International declarations prescribing torture, while necessary and useful, have had little effect on the practice of torture in 50 or more countries around the world. It would seem that the equalising balance of nuclear power, and corresponding increase in subversion or insurgency have resulted in increasing levels of counter-insurgency operations by security forces. Man has always been willing to invest immense treasure, ingenuity and creativity in the waging of war. Of course insurgency is not exclusively a modern phenomenon and some techniques of interrogation of prisoners are as old as mankind. Techniques often have both a psychological and physical basis, and Amnesty International (I) and others have widely published the details of physical tortures, some new, some old, but all equally abhorrent. Often sexual assault and humiliations, rigid control, threats and promises are combined with physical pain through beating and painful postures. Deprivation of sensation, food, water and sleep combined with other techniques have been known for centuries as methods of coercion. Their systematic use seems to have reached a higher level of intensity than previously known.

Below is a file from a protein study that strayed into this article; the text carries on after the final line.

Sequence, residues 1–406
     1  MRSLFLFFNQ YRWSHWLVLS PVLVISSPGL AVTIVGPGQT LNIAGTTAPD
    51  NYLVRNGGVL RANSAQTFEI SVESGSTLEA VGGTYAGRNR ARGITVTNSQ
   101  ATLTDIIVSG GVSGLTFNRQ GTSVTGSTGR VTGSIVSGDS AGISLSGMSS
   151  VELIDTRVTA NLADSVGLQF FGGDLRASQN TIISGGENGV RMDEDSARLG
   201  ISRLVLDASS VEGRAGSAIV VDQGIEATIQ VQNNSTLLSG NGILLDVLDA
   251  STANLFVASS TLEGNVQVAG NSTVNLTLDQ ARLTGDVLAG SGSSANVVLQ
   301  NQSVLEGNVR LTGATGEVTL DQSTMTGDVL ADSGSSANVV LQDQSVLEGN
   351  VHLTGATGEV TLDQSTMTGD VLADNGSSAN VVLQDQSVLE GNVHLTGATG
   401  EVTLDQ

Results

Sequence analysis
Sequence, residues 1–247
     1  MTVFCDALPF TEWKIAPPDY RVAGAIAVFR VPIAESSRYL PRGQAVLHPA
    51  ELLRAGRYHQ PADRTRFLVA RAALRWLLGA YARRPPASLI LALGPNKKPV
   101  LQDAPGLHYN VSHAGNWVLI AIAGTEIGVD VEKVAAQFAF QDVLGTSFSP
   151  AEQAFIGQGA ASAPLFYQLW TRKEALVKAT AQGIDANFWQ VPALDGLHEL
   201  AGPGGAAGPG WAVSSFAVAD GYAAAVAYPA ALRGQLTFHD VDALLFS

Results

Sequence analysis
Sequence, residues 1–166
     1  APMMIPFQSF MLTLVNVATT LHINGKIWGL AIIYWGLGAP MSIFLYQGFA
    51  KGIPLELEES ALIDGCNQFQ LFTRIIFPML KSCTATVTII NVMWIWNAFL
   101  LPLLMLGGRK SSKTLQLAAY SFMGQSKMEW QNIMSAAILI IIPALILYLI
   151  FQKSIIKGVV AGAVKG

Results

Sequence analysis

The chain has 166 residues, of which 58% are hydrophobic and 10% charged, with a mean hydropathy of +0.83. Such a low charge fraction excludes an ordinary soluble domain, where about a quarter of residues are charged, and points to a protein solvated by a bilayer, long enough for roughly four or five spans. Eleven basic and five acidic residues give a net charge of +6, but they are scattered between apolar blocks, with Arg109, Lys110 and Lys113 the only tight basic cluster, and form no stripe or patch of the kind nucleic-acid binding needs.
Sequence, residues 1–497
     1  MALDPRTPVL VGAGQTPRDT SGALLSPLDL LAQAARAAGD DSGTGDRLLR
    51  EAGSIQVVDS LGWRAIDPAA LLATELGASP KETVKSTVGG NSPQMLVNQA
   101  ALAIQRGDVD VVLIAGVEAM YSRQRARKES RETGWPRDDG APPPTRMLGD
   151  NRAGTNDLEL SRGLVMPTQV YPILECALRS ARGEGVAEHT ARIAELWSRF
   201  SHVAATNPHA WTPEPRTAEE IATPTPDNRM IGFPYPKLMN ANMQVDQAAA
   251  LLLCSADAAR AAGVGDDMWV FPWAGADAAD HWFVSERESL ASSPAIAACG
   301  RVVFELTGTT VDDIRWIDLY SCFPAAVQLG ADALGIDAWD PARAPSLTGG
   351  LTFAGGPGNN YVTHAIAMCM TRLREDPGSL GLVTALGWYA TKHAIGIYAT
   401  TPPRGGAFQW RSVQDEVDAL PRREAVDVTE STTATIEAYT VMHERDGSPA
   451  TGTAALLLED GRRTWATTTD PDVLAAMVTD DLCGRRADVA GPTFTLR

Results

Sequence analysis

KeywordsPost Traumatic Stress Disorder Post Traumatic Stress Disorder Painful Posture International Declaration Modern Phenomenon
Unable to display preview. Download preview PDF.
- 1.Amnesty International Report on Torture. Duckworth, London,1973.Google Scholar
- 2.R. J. Daly, “Psychiatric Effects of Counter-Insurgency Operations”. American Psychiatric Association AGM, Miami,May 1976.Google Scholar
- 3.R.J. Dally “Compensation and Rehabilitation of Victims of Torture. An Example of preventive psychiatry”. Danish Med. Bulletin.27.5:245–248. 1980Google Scholar
- 4.R. J. Daly, “Torture and other forms of Inhuman and Degrading Treatment”. Proceedings of the WHO Working Group on Psychosocial Consequence of Violence. Martinus Nijhoff. Hague. 1983.Google Scholar
- 5.European Court of Human Rights. Report of Commission, adopted on 25th January, 1976. Strasbourg.Google Scholar
- 6.European Court of Human Rights Judgement 18th January, 1978. Strasbourg.Google Scholar
- 7.J.P. Bastiaans, Psychosomatische Gevolgen van Onderdrukking en Verzet. N.V. Noord-Hollandsche Uitgevers Maatschappij- Amsterdam, 1957.Google Scholar
- 8.L. Eitinger and A. Strom. “Mortality and Morbidity after Excessive Stress”. Humanities Press. New York, 1973.Google Scholar
- 11.“Medical Sequelae of Torture”. Editorial, Lancet:i,140,1981.Google Scholar